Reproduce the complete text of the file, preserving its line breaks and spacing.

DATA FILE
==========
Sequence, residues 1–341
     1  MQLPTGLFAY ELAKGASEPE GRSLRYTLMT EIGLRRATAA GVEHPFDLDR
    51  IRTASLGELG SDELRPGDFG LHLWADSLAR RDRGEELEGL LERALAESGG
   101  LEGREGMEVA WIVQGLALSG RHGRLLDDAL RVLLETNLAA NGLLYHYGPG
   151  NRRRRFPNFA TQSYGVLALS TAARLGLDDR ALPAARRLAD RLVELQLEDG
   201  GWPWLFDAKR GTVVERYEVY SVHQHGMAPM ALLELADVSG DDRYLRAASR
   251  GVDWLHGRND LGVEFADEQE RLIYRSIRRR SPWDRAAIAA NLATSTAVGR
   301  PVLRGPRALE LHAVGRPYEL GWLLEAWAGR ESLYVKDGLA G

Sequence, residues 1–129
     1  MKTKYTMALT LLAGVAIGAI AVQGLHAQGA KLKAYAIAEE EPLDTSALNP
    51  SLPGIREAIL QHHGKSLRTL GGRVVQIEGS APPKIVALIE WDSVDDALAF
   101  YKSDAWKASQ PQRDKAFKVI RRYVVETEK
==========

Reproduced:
Sequence, residues 1–341
     1  MQLPTGLFAY ELAKGASEPE GRSLRYTLMT EIGLRRATAA GVEHPFDLDR
    51  IRTASLGELG SDELRPGDFG LHLWADSLAR RDRGEELEGL LERALAESGG
   101  LEGREGMEVA WIVQGLALSG RHGRLLDDAL RVLLETNLAA NGLLYHYGPG
   151  NRRRRFPNFA TQSYGVLALS TAARLGLDDR ALPAARRLAD RLVELQLEDG
   201  GWPWLFDAKR GTVVERYEVY SVHQHGMAPM ALLELADVSG DDRYLRAASR
   251  GVDWLHGRND LGVEFADEQE RLIYRSIRRR SPWDRAAIAA NLATSTAVGR
   301  PVLRGPRALE LHAVGRPYEL GWLLEAWAGR ESLYVKDGLA G

Sequence, residues 1–129
     1  MKTKYTMALT LLAGVAIGAI AVQGLHAQGA KLKAYAIAEE EPLDTSALNP
    51  SLPGIREAIL QHHGKSLRTL GGRVVQIEGS APPKIVALIE WDSVDDALAF
   101  YKSDAWKASQ PQRDKAFKVI RRYVVETEK